mkdir custom_ansible_modules
cd custom_ansible_modules
2. We have to make Ansible aware of this new directory by adding it to the Ansible path. This path is controlled by the ANSIBLE_LIBRARY environment 
variable:
export ANSIBLE_LIBRARY=$ANSIBLE_LIBRARY:`pwd`
3. Verify that the path has been altered successfully by printing the ANSIBLE_LIBRARY path.  
echo $ANSIBLE_LIBRARY
4. With our directory added to the path, we can create our first module by creating a first_module.py file:
touch first_module.py
5. With the structure created and Ansible made aware of our new module directory, you can open the previously created first_module.py file in your code editor to get started writing your first module.First, we need to import the required libraries from Ansible:
from ansible.module_utils.basic import AnsibleModule
6. Next, we want to define our module function in which we are going to specify the module itself:
def run_module():
7. Then, we'll define our module arguments as an empty dictionary:
args = {}
8. Next, we can define our result dictionary. The result is the data that is passed back from your module both to the user and to any subsequent modules that want to consume the information. 
result = {
 "changed": False,
 "message": "Hello from my ansible module"
}
9. Finally, we can define our Ansible module itself:
module = AnsibleModule(argument_spec=args, supports_check_mode=False)
10. Since we only want to pass the static information specified in our result dictionary back, we can exit the module and return the content of the results as JavaScript Object Notation (JSON):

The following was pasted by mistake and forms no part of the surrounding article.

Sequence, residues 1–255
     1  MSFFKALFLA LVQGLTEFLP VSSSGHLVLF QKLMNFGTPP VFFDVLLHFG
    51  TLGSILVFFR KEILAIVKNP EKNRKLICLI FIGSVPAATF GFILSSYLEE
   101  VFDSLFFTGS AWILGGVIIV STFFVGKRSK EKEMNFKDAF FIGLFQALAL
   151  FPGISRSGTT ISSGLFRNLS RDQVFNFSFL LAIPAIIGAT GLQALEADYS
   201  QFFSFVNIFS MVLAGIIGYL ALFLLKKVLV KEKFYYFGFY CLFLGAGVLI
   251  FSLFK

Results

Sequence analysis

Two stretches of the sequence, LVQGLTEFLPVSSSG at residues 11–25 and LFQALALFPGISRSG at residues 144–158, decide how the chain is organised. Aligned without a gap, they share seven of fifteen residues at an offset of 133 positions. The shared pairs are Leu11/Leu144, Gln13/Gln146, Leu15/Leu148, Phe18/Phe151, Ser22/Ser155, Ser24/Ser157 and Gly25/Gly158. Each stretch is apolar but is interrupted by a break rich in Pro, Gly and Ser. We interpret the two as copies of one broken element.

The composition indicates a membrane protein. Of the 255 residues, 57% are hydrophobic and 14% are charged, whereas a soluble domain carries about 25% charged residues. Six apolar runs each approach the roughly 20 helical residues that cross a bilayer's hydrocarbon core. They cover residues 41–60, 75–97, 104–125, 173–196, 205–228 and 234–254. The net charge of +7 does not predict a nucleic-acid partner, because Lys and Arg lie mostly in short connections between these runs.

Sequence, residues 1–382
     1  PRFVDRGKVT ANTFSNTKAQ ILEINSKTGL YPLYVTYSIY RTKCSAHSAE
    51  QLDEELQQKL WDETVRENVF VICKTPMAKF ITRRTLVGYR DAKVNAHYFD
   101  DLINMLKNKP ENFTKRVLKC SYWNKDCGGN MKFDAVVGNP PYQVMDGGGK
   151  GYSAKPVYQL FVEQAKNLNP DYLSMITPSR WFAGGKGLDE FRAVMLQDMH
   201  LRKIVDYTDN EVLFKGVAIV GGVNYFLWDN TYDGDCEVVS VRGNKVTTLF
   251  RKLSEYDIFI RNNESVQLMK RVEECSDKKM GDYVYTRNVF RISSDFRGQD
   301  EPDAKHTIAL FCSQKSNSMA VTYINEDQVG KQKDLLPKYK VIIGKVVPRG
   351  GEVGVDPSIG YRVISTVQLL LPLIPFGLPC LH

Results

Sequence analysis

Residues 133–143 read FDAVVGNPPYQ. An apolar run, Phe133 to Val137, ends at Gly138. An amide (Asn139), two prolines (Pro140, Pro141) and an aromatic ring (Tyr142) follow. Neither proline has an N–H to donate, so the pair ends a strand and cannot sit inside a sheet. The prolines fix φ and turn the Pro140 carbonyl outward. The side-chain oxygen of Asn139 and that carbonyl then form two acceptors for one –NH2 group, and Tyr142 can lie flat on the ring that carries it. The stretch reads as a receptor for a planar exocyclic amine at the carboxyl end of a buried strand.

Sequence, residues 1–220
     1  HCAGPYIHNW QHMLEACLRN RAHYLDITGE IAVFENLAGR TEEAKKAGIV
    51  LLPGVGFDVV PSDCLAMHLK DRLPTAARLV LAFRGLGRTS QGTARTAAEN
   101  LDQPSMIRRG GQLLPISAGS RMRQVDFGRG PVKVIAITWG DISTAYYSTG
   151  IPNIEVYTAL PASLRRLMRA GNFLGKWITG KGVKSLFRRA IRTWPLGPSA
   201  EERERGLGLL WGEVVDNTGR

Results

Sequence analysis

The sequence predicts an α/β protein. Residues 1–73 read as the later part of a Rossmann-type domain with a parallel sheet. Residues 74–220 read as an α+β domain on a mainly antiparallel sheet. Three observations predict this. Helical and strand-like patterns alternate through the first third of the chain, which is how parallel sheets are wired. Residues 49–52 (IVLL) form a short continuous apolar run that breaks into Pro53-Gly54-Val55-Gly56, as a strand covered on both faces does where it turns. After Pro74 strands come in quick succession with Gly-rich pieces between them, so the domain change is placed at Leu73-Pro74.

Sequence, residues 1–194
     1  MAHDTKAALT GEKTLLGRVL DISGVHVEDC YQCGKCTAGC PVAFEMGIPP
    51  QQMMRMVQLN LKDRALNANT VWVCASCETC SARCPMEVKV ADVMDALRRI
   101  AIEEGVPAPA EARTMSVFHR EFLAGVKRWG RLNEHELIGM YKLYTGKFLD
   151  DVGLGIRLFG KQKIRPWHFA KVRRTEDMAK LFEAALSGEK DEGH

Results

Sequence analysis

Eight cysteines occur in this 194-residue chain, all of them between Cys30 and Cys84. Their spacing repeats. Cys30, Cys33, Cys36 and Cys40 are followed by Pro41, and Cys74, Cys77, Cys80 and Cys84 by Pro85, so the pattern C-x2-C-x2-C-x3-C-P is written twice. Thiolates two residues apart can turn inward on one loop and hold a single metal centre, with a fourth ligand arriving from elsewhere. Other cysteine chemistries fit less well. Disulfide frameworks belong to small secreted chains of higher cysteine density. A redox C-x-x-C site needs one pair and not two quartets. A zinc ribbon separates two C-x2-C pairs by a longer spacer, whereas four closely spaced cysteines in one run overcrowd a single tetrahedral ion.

module.exit_json(**result)
11. Finally, we need to specify that our previously defined run_module() method should be called when the file itself is being run: 
if __name__ == "__main__":
 run_module()
12. With our first module written and stored in the previously created directory, we can go back to the terminal and run the newly created module:
ansible localhost -m first_module.py

Documenting your module
One great feature of Ansible is its built-in documentation.
1. If you have not already done so, set up the directory structure needed for your Ansible modules.
mkdir custom_ansible_modules
cd custom_ansible_modules
export ANSIBLE_LIBRARY=$ANSIBLE_LIBRARY:`pwd`
touch documented_module.py
2. With your directory structure set up, open the documented_module.py file in your code editor.
from ansible.module_utils.basic import AnsibleModule
3. We first specify the basic documentation information in a variable called DOCUMENTATION:
DOCUMENTATION = r'''
---
module: documented_module
short_description: A small documented module.
version_added: "1.0.0"
description: This is a longer description of our documented module.
author:
 - Name (GitHub handle)
'''